Implantation bleeding

This happens to around a third of all pregnant women and is not as heavy as a menstrual period. It also happens before your normal period should occur, up to eight days before, and may be pinkish or brown in color. Implantation bleeding symptoms should be light and should go away by themselves – there’s no need to worry unless the bleeding is especially heavy.

Headaches

Our hormones have a lot to answer for when it comes to pregnancy! One of the earliest symptoms of pregnancy is headaches as our bodies respond to a sudden increase in hormones.

Stuffy nose

We bet you didn’t think cold symptoms could be a sign of pregnancy! In some cases, increased amounts of hormones and blood volume can cause your nasal pathways to swell up, with some women reporting nose bleeds.

Bloating and constipation

Who said pregnancy wasn’t glamorous? Once again, similar to periods, you may experience bloating shortly after implantation. The sudden shot of hormones could also see reactions from your digestive system, slowing it down and potentially resulting in constipation. A few herbal remedies can help to move things along!

What should I do if I experience implantation symptoms?

If you are trying for a baby, it’s tempting to reach for a pregnancy test as soon as you’ve had sex. But hold off for a while – the pregnancy test works most effectively when there’s a higher concentration of human chorionic gonadotropin in your system. This is known as the ‘pregnancy hormone’ and appears in higher concentrations when your menstrual period is due.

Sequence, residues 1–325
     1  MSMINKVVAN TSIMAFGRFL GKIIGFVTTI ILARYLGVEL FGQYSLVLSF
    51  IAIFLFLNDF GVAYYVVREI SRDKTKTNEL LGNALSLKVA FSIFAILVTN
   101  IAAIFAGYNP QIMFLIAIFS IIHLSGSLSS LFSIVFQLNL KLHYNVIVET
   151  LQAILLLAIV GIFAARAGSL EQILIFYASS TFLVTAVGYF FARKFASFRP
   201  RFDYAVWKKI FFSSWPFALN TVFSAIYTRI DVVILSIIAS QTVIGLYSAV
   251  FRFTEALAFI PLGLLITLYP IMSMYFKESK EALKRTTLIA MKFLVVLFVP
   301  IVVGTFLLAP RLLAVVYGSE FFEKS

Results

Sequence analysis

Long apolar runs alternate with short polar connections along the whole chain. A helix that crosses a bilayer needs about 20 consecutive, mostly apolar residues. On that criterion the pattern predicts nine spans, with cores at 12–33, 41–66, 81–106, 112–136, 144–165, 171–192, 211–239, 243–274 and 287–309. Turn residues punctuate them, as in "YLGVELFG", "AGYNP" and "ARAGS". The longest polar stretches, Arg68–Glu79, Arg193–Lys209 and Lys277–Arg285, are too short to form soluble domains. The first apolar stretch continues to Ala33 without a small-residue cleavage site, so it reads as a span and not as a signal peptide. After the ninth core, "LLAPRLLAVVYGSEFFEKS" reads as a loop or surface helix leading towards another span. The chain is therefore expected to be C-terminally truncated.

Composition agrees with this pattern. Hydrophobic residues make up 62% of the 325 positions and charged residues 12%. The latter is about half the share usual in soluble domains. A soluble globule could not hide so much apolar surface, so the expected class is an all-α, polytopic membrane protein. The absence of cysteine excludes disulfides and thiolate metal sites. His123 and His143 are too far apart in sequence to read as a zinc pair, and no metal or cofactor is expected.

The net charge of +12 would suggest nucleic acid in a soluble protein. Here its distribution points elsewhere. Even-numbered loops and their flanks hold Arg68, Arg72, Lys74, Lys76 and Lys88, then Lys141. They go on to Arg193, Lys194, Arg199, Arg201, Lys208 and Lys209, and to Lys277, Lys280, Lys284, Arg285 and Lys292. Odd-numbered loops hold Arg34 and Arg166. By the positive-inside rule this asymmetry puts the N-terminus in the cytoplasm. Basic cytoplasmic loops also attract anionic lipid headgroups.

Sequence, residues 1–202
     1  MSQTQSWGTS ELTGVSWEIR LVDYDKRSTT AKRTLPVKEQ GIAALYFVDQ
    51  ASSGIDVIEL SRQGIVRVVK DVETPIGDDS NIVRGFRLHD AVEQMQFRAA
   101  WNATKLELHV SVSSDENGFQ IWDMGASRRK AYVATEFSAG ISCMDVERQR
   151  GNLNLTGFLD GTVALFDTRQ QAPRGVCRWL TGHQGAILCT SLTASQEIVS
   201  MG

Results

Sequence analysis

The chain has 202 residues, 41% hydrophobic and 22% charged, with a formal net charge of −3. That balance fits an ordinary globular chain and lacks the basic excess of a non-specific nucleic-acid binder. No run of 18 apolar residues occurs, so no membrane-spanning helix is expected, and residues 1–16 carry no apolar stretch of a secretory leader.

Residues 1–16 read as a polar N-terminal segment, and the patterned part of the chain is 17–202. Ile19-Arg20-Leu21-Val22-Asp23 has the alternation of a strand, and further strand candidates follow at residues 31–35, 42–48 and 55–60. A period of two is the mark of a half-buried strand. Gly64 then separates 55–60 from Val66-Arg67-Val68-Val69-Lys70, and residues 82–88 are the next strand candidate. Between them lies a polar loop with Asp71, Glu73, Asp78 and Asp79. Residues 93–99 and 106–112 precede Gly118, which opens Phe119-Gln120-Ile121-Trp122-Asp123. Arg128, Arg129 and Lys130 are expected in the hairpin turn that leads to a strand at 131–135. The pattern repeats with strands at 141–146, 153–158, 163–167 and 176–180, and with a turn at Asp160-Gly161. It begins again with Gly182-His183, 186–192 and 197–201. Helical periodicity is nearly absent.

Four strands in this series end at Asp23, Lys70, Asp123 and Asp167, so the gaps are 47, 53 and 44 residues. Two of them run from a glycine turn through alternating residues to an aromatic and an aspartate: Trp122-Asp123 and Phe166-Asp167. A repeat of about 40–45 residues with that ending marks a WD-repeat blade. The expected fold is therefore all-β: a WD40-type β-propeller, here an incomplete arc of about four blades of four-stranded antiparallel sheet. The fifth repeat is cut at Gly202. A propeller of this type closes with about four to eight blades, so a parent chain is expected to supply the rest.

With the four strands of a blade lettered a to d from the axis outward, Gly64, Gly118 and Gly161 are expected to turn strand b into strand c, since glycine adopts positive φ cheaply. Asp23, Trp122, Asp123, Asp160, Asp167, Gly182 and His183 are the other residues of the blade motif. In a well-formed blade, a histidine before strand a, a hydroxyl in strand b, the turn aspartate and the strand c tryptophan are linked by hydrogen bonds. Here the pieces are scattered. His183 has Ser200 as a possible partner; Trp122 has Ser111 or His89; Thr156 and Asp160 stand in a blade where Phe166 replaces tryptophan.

Try to wait seven to 10 days after your potential conception date before you take your pregnancy test. Ideally, you should time it with the date of your suspected missed period.

Pain relief

Thankfully, signs of implantation are short-lived. If you do experience cramps, for example, these should last between one and three days. A mild over-the-counter medicine like Tylenol can help, but you should avoid ibuprofen and aspirin unless your doctor tells you otherwise. Alternatively, you can treat implantation cramps like period pain – applying a warm compress can help to ease symptoms.

Bleeding

Like period pain, you should not worry about implantation bleeding unless it appears severe. Serious bleeding or pain could be signs of something else such as an ectopic pregnancy or ovarian cysts, so always ask your doctor if you’re not sure.

Constipation and cold symptoms

Once again, you should always talk to your doctor before taking any medications for constipation or cold symptoms. Some herbal alternatives include high fiber diets and dandelion or mallow tea. You can try external decongestants such as menthol rubs to ease cold symptoms.

Talking through implantation symptoms

We’re all different and our bodies will not all respond to pregnancy in the same way. What’s important to remember is that we’re not alone. You can find out more on The 411, from tracking your cycle to common pregnancy symptoms.

And if you’re TTC and looking for support, why not connect with other women on Peanut?